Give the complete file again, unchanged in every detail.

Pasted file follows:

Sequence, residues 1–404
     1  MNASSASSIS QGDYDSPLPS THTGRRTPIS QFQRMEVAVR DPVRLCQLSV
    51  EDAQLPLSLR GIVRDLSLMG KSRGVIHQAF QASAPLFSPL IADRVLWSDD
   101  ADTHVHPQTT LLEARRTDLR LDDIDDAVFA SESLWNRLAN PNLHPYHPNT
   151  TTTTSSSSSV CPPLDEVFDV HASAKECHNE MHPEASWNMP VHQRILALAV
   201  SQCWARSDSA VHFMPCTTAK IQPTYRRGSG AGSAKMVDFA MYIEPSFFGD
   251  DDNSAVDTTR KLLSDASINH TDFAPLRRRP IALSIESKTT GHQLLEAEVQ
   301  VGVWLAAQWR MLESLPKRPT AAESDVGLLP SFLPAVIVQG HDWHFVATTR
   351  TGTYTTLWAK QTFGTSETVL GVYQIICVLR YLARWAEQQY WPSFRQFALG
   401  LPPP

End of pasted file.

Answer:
Sequence, residues 1–404
     1  MNASSASSIS QGDYDSPLPS THTGRRTPIS QFQRMEVAVR DPVRLCQLSV
    51  EDAQLPLSLR GIVRDLSLMG KSRGVIHQAF QASAPLFSPL IADRVLWSDD
   101  ADTHVHPQTT LLEARRTDLR LDDIDDAVFA SESLWNRLAN PNLHPYHPNT
   151  TTTTSSSSSV CPPLDEVFDV HASAKECHNE MHPEASWNMP VHQRILALAV
   201  SQCWARSDSA VHFMPCTTAK IQPTYRRGSG AGSAKMVDFA MYIEPSFFGD
   251  DDNSAVDTTR KLLSDASINH TDFAPLRRRP IALSIESKTT GHQLLEAEVQ
   301  VGVWLAAQWR MLESLPKRPT AAESDVGLLP SFLPAVIVQG HDWHFVATTR
   351  TGTYTTLWAK QTFGTSETVL GVYQIICVLR YLARWAEQQY WPSFRQFALG
   401  LPPP